What if Rocky decided he wanted to pursue his craftsmanship by becoming an apprentice to a Master Craftsman? Let’s look at the movie business for some parallels.

A dinosaur reads directions for survival as a meteor hits in the background.

The 2018 Academy Award nominations featured the movie, Three Billboards Outside Ebbing, Missouri, written and directed by Martin McDonagh. I saw his first play, The Beauty Queen of Leenane, over 20 years ago, and have been following him ever since. At 16-years-old, McDonagh left his Irish secondary school to become a writer and director. He is yet another director, like James Cameron, Ang Lee, and many others, where the fit to school was not a good one. Cameron left college before finishing his English degree and Lee, to the disappointment of his family, twice failed the Chinese exams he needed to pass to get into a university. Are these men living permanently off-track lives?

According to McDonagh’s bio, he used his free time to write, watch movies, and put his plays in the hands of producers. No one seemed to pay any attention until Garry Hynes, the founding director of a little theatre in Galway called The Druid Theater, asked to see what plays had been submitted for consideration. Early on, this theater barely had a stage to perform on, and today, it has produced many recognizable film and theater stars on and behind stage and screen. It was at the Druid Theater that McDonagh was discovered, and the rest is hard work and history. A few years later, Garry Hynes went on to become the first woman to win a Tony Award for Best Director. It was for directing McDonagh’s The Beauty Queen of Linnane.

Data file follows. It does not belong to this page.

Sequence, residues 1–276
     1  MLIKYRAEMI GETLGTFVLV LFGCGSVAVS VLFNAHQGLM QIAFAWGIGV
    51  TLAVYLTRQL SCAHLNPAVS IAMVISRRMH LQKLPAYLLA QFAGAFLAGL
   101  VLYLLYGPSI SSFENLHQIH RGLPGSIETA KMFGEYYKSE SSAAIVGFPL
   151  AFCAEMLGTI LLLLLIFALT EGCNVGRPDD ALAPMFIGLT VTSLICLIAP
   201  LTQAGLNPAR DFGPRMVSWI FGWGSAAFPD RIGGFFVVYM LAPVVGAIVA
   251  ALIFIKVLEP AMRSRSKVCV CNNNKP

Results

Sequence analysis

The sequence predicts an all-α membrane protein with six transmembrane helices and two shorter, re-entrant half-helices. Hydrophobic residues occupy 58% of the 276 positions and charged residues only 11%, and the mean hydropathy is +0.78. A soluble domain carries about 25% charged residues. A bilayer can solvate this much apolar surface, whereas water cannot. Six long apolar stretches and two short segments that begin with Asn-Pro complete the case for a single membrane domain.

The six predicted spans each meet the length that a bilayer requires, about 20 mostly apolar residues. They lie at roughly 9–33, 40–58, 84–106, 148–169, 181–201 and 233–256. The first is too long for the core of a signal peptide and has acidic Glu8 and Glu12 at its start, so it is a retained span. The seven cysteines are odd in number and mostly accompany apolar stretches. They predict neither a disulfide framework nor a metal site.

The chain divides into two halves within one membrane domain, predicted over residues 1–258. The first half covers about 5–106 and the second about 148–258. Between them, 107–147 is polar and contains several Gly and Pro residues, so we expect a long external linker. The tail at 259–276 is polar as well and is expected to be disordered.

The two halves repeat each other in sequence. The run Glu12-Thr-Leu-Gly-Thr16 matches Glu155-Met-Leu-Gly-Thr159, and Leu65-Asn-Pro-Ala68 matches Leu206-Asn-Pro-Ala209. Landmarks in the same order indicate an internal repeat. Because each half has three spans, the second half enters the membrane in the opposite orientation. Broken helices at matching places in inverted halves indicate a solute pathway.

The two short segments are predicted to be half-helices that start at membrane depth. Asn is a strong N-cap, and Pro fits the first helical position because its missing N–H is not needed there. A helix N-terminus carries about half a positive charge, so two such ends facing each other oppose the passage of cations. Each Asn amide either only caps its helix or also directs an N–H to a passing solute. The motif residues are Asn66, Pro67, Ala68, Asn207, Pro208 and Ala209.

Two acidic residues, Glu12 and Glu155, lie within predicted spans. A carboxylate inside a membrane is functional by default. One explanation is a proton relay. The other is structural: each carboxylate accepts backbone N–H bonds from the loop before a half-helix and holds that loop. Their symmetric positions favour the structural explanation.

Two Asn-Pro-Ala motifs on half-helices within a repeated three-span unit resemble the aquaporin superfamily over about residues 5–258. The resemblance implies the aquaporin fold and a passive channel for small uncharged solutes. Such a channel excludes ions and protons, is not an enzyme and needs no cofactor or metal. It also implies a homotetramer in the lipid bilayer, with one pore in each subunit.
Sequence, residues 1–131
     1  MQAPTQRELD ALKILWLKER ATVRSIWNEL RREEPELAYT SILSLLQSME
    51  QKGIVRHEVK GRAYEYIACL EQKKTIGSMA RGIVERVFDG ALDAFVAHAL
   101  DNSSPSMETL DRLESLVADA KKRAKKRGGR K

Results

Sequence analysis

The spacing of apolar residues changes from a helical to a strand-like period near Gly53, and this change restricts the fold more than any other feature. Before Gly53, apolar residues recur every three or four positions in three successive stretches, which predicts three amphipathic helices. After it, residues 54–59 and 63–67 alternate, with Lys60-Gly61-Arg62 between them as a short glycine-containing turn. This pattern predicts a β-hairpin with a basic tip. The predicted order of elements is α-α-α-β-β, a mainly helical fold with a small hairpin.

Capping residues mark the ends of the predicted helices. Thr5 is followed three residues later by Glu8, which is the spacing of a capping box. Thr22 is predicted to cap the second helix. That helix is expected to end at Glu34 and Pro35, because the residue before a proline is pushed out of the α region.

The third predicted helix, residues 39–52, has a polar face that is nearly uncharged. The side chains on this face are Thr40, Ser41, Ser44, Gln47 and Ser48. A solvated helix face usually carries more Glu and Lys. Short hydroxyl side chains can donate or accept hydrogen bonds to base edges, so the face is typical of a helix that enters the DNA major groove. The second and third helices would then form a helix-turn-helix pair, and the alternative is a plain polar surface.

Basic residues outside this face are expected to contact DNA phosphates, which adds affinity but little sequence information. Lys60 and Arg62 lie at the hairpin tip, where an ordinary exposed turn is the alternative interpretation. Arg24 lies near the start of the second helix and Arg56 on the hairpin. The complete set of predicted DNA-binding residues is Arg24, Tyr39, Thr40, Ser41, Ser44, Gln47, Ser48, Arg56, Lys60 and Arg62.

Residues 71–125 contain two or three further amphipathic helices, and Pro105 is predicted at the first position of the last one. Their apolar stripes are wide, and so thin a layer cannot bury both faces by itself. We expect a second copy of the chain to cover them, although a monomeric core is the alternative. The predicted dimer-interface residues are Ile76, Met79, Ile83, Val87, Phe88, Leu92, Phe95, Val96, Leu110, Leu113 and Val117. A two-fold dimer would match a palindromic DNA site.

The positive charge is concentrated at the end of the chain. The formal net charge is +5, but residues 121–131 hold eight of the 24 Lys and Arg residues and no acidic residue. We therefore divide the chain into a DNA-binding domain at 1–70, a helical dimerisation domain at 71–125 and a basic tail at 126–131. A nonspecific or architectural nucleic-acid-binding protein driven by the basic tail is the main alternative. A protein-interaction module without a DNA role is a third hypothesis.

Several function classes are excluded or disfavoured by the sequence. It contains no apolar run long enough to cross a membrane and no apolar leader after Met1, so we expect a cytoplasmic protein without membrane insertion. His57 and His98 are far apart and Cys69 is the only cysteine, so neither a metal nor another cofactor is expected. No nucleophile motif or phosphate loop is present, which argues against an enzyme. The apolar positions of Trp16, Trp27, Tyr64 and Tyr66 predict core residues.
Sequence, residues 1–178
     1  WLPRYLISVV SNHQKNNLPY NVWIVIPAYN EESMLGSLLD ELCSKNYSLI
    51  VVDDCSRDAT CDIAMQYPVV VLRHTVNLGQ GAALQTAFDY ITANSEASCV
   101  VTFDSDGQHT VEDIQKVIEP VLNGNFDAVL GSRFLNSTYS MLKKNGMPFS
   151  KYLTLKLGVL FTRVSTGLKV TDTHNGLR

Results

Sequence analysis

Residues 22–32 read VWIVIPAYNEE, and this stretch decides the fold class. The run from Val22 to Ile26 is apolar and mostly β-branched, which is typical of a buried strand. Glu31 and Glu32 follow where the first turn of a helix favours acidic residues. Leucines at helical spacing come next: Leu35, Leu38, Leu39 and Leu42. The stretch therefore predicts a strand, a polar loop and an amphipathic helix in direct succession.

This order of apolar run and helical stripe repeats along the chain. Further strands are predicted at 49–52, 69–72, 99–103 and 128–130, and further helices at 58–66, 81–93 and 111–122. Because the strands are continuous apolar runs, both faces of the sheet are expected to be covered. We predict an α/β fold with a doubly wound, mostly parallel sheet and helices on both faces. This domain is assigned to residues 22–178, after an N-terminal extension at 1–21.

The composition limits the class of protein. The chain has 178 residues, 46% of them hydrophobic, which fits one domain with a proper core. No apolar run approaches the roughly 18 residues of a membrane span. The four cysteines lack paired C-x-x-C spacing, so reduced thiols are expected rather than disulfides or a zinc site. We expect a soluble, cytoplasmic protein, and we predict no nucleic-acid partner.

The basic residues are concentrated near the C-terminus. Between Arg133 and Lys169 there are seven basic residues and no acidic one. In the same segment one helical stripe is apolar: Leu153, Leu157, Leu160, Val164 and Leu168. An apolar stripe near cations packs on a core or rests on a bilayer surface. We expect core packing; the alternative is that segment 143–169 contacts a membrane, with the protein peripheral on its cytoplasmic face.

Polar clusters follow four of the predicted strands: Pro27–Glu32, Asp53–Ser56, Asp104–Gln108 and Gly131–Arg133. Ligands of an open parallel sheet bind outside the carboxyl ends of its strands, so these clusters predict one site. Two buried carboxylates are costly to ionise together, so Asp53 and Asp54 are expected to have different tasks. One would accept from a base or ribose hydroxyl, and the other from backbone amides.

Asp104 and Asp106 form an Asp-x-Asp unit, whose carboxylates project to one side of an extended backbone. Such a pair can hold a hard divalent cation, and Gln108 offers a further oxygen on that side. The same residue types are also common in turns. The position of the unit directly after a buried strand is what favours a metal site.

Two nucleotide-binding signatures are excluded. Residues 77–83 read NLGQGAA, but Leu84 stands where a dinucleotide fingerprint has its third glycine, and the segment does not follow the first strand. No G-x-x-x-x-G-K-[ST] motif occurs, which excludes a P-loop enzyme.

When is Being Off-Track the Right Track to Be On?

Three Billboards was inspired by a road trip McDonagh took through the middle of America to better understand the plays of William Faulkner and Tennessee Williams. During the trip, he saw a billboard that chastised a police officer. He doesn’t remember where it was or what it stated, but it was how the billboard communicated a message that stuck with him and inspired the movie.

The origin story of Three Billboards and McDonagh’s personal story fascinate me for a number of reasons. McDonagh not only went off-track, he got side-tracked! I find it beneficial for schools to spend time measuring whether students are on-track to graduate. But, every student is on different tracks at different times. How do we measure that, while still honoring the times students get side-tracked, off-track, or otherwise through no fault of their own? The conventional assumption that students must be on the same track as everyone else all the time doesn’t honor the natural flow of life.

At sixteen, guitarist Les Paul, another high school dropout, was asked by his mentor, Joe Wolverton, to join his band. Les Paul went home and told his mom, “I don’t care about algebra and who sank the Titanic. Nothing means nothing to me, just Joe.” Was Les on-track or off-track? Why can’t we have schools that allow students to leave the school building, engage in their communities, and credit their learning around their interests? Isn’t this what micro-credentials are supposed to do?